Home Data-Driven Thinking Media Buying Doesn’t Have To Be A Mixed Bag

Media Buying Doesn’t Have To Be A Mixed Bag

Nico Ricci, Head of Data Science, Scope3

Growing up in rural southern Italy, town festivals honoring various saints or traditions were a recurring delight. My grandfather or uncle would always take me and, without fail, buy me a special bag of candy unique to these fairs. I enjoyed some of the sweets, but others weren’t to my taste, and I still recall tossing away perfectly good, uneaten pieces.

So why buy a mixed bag if part of it is going to become garbage?

This not-so-subtle analogy applies to media buying on the open web, where advertisers also sometimes buy a “mixed bag” without meaning to, wasting millions of dollars as a result. 

Ad quality issues are widespread, even on legitimate websites. Some publishers are misconfiguring their inventory, lowering their overall value and hurting advertiser performance. But today we can have much more control over what goes into the bag. 

The mixed bag of ad buying

The common practice of buying media at the domain level (i.e., the “bag”) subjects a media buyer to invest in junk they don’t want. Advertisers spend millions on a mix of high-performing and low-performing impressions. This junk inventory includes impressions on made-for-advertising (MFA) placements that are misconfigured or loaded in a way that is unlikely to ever be seen by a human. 

A media buyer might read this and think it doesn’t apply to them. “I don’t buy at the domain level. I bid on individual impressions.” That’s true. Based on many programmatic media buying rules like price, audience and context, media buyers decide whether or not to buy a specific impression. But not all of the layers of decision-making are as granular. 

The very first consideration is whether an impression is allowed or not. Brand safety and performance filters make that decision at the domain level, with block or allow lists that still let far too much garbage into the media buy. 

Consider Forbes, which operated a subdomain that went undetected for seven years simply because websites are evaluated at the domain level and not more deeply.

Time to get granular

It’s ironic that an industry so focused on log-level data for campaign performance measurement still uses blunt tactics to determine what media is acceptable at the beginning of the buying process. We need to update our de facto practices to encourage more granular analysis and decisioning around subdomains, pages or even individual placements (i.e., the pieces of candy in the bag).


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Sincera provides its customers with metadata that can be modeled for a number of purposes, including privacy and made for advertising. The company now exposes subdomain data that makes it possible for buyers to identify and avoid nefarious behavior one level deeper than by looking at domains.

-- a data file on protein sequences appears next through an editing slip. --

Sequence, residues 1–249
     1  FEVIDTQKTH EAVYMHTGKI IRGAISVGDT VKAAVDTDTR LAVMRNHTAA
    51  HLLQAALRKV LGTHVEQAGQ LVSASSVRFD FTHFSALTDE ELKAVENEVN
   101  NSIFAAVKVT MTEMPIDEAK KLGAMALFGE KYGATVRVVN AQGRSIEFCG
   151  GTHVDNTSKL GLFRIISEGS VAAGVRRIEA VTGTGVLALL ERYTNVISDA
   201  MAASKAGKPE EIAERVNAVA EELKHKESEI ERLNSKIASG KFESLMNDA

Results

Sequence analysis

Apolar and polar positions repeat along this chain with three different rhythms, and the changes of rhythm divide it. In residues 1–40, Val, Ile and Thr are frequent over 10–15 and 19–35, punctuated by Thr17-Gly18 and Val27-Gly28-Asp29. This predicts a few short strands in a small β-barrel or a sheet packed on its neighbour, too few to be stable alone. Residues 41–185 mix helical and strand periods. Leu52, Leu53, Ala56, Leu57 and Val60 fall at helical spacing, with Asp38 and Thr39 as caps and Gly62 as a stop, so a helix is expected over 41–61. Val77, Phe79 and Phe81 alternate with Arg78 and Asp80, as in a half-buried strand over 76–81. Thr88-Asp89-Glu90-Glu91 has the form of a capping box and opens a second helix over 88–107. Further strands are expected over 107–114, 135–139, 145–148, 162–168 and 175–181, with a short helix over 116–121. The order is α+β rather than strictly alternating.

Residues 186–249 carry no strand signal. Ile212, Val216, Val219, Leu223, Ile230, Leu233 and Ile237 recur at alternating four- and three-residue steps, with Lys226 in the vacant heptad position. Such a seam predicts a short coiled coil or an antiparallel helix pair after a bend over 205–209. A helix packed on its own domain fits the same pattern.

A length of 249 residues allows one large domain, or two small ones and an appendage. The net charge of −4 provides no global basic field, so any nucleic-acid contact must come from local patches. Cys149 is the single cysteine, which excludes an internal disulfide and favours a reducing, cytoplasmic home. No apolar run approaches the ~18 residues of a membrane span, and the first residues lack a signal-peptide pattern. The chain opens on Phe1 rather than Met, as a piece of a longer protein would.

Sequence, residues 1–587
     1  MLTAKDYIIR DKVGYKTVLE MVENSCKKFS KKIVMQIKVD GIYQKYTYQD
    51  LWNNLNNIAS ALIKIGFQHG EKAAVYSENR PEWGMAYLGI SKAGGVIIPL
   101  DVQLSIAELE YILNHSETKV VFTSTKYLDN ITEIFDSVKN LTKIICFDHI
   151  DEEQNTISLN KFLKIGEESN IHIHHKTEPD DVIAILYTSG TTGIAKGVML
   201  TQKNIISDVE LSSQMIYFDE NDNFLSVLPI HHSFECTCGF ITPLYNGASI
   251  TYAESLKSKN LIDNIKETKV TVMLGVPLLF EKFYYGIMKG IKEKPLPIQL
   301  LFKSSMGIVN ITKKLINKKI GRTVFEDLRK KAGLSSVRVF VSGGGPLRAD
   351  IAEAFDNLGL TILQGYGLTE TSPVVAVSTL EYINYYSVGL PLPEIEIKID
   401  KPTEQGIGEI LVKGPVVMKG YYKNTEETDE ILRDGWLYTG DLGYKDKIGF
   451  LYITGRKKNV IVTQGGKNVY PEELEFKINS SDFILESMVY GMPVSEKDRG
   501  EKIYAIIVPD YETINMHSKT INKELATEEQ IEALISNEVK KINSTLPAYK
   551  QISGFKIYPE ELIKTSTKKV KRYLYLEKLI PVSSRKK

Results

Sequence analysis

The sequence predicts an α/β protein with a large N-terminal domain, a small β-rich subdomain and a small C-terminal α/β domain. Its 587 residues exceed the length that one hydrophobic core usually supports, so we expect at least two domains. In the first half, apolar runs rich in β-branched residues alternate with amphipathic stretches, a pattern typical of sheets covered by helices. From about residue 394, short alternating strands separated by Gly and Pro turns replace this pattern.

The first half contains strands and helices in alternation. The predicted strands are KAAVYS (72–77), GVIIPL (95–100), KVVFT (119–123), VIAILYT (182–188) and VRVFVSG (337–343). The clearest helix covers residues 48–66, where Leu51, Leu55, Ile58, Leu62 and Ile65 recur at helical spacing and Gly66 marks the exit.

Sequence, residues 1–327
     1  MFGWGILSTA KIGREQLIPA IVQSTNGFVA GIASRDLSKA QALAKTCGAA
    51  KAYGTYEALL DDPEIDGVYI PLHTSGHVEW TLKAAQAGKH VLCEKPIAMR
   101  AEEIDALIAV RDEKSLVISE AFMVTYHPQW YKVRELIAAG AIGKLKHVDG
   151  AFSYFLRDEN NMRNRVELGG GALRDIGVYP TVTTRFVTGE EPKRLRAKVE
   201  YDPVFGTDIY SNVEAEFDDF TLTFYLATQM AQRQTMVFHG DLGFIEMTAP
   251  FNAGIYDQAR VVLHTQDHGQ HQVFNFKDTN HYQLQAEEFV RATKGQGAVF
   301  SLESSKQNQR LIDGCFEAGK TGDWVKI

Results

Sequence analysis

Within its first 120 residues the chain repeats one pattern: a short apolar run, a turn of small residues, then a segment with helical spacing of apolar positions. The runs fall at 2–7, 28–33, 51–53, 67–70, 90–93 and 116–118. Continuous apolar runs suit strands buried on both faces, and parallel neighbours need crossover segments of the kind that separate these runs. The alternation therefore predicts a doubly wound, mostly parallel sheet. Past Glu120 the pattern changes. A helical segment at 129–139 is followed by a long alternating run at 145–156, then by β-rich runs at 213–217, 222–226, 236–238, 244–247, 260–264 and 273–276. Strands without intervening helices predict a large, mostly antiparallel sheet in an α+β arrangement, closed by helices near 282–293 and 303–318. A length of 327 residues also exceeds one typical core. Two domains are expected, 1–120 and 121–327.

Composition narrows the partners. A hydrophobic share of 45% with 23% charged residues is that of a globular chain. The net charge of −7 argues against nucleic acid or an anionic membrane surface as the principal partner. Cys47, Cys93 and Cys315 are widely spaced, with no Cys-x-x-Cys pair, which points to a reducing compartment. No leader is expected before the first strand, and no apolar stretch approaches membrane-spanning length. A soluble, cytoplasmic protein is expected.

Global Placement ID or GPID is another option that provides placement-level information from publishers to buyers through SSPs. Scope3’s latest research exposed that nearly a quarter of placements on the web’s top 7,000 sites either load out of view or refresh too frequently or both. But using GPIDs from publishers, it’s possible to assess when an ad loads improperly or refreshes too often. 

Evaluating websites at a granular level can also expose elements like the number of ads on a page, what percentage of a page is made up of ads, or the percentage of native ad content. (We found that for about 3% of sites, more than 70% of ads are native, which means there is often “endless scrolling” of sponsored content at the bottom of the page.) 

With more granularity, everyone wins

By evaluating every part of the site and making more surgical buying decisions, brands are conveying to publishers that quality matters. 

According to Jounce, there’s been a significant drop in MFA supply over the last nine months since the ANA released its report about how much media spend brands were wasting on it. And the change is benefiting everyone.

Feedback from our SSP partners shows publishers that eliminate low quality sub-domains and poorly configured placements see increases in CPMs. Meanwhile, their advertisers see increases in performance, which creates a positive feedback loop.

Advertisers’ focus on low CPMs and unrealistic scale is what fuels MFA. It’s also what keeps low-quality subdomains, pages and placements in play. 

If advertisers change their focus and assess media value at a more granular level, what used to create tension between these two ends of the supply chain should ultimately unite them, leaving publishers, advertisers and consumers better off. 

Data-Driven Thinking” is written by members of the media community and contains fresh ideas on the digital revolution in media.

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